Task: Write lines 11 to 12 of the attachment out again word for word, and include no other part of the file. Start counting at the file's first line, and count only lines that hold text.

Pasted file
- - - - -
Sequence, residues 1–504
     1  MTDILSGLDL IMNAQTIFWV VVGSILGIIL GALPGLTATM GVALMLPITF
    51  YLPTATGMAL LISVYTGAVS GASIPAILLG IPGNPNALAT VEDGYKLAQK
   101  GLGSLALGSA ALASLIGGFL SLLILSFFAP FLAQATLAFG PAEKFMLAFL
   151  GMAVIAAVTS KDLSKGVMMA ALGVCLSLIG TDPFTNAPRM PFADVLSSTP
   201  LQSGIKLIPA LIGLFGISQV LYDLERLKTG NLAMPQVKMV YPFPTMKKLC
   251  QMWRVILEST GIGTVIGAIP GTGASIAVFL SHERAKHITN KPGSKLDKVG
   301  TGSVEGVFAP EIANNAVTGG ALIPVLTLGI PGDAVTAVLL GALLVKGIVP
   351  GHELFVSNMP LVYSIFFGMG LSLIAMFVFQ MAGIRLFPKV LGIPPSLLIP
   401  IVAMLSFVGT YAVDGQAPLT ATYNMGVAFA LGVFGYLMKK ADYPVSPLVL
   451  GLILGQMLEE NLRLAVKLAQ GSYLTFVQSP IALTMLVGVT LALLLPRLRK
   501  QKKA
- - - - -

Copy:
   451  GLILGQMLEE NLRLAVKLAQ GSYLTFVQSP IALTMLVGVT LALLLPRLRK
   501  QKKA